Allergy in Bucks County (Philadelphia), Orange County CA, Midwest

I have a job opportunity in Bucks County near Philadelphia. Until I was 22, I lived in the midwest and suffered horribly from allergies (mostly ragweed, grass and animals). I had asthma attacks every Spring and Fall. After moving to Orange County, California my allergies improved 90%. I would like to move to a more economical area. Am I making a mistake considering moving to Philadelphia? — Nichole, California

Moving: new allergies to the new place after a few months?

I have had similar situations with many of the other people on this website concerning allergies. I grew up in NY and had mild allergies and asthma (mostly exercised induced) when I was younger. I moved back to NY after being gone for almost 8 years. I was diagnosed with sinusitis in the fall of 2004 while I was living in Pennsylvania. After a few months of moving back to NY I began to get sinus infections every two months. Then I was diagnosed with chronic sinusitis.

I have seen numerous ENT doctors who all recommend surgery to remove the polyps from my nose. I would rather not have the surgery. I have been put on all types of allergy medication. After vacationing in a tropical area for an extended period of time, the polyps in my left nose completely disappeared. However, my right nostril is still filled with polyps.

My ENT and Allergist suggested that I leave NY because they believe that my sickness could be tied to my environment and/or they recommend allergy shots. What other areas would be a better place for me to live? Will I just develop new allergies to the new place after a few months? Any suggestions of advice would be appreciated. Thank you. — L.J., New York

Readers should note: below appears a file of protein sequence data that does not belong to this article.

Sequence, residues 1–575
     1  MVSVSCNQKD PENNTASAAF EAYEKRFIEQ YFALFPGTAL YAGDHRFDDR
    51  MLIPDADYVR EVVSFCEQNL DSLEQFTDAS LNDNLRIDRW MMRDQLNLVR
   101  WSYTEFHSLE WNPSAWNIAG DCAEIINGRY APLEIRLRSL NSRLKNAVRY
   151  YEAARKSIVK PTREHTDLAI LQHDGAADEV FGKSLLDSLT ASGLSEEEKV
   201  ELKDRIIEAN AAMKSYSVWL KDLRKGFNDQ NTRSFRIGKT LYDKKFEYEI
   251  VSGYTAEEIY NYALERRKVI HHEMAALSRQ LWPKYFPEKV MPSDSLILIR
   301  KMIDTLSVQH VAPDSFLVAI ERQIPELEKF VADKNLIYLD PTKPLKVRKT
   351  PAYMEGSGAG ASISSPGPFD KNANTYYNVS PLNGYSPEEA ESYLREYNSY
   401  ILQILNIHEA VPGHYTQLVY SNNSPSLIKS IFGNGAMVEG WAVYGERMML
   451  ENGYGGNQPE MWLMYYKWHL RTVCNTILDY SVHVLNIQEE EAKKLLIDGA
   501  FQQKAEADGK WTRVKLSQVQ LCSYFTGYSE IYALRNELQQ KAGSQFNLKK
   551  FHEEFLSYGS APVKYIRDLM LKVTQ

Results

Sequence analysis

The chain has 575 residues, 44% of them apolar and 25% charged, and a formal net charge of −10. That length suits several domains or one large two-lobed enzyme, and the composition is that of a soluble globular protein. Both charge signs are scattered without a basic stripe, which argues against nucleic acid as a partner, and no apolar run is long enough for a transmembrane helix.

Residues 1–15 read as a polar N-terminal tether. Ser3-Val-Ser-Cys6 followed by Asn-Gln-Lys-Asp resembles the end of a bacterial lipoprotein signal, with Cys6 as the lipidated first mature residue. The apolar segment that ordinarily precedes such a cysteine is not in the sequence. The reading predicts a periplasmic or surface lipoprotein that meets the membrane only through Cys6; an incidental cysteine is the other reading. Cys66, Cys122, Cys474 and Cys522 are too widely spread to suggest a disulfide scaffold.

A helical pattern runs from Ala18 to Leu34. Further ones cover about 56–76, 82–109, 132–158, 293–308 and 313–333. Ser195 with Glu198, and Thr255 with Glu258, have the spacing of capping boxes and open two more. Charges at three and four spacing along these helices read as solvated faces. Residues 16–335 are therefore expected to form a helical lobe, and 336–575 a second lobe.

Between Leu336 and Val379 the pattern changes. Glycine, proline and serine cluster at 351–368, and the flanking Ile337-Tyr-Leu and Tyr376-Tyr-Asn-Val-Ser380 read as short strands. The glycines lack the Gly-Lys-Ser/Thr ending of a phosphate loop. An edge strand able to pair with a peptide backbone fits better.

Asthma Capitals for 2007 have been named: Atlanta #1

Each year the Asthma and Allergy Foundation of America names the Top Ten Asthma Capitals for the year. This year, Atlanta Georgia, took the top spot, with Philadelphia, PA, and Raliegh, NC, second and third.

The Asthma and Allergy Foundation says:

Don’t Move – Improve: Experts agree that people can’t move away from their asthma since every city in America has a variety of risk factors.

Click Asthma Capitals 2007 to see the whether your state ranked among the Top 10 Capitals (mind did!), as well as information about this annual research project, and links to more detailed information.

You can find information and links to last year’s studies as well as previous years on our February 18, 2006 post, Climate and asthma — Worst places to live.

Early autumn roundup

From California to Ontario, New York, and Florida, ragweed seems to have made it’s debut early and with a bumper crop this August.

Lansing, Michigan:
Worst summer for allergies in decades
“The pollen count is…the highest it’s been in fifty years…. Ragweed everywhere and no relief in sight.” [WLNS, Lansing]

Los Angeles, California
Bumper crop of ragweed kicks off allergy season
“Summer rains followed by hot, dry temperatures in many areas have produced a bumper crop of ragweed.” [NBC4, Los Angeles]

Pittsburgh, Pennsylvania:
Break out of the mold
“A particularly bad year for mold spores and an accelerating ragweed season are giving them itchy eyes and runny noses.” [Pittsburgh Tribune-Review]

Ontario, Canada
Achoo! Ragweed arrives early
“Ragweed has made her a prisoner in her own house…. ‘It was July 30 when it started and it hasn’t stopped.'” [Hamilton Spectator, Ontario Canada]

Washington, DC
Ragweed arrives early in district
“If you’re an allergy sufferer who is feeling a little off this morning in that allergy-related kind of way, you can thank ragweed season for arriving two weeks early.” [DCist, Washington, DC]

Little Rock, Arkansas
Heat, humidity fueling hay fever
“Doctors say an increase in pollen, ragweed, and mold is creating more cases of hay fever.” [Today’s THV, Little Rock, Arkansas]

Tampa Bay/St. Petersburg, Florida
Ragweed season starting up for allergy sufferers
“Ragweed season is upon us…. And this year, people may suffer more than ever.” [WTSB, Tampa/St. Petersburg, Florida]

New York City, NY
Ways to cope with a brutal allergy season
“Allergy sufferers, the early predictions are in and get ready for an especially brutal fall season.” [WABC-TV, New York]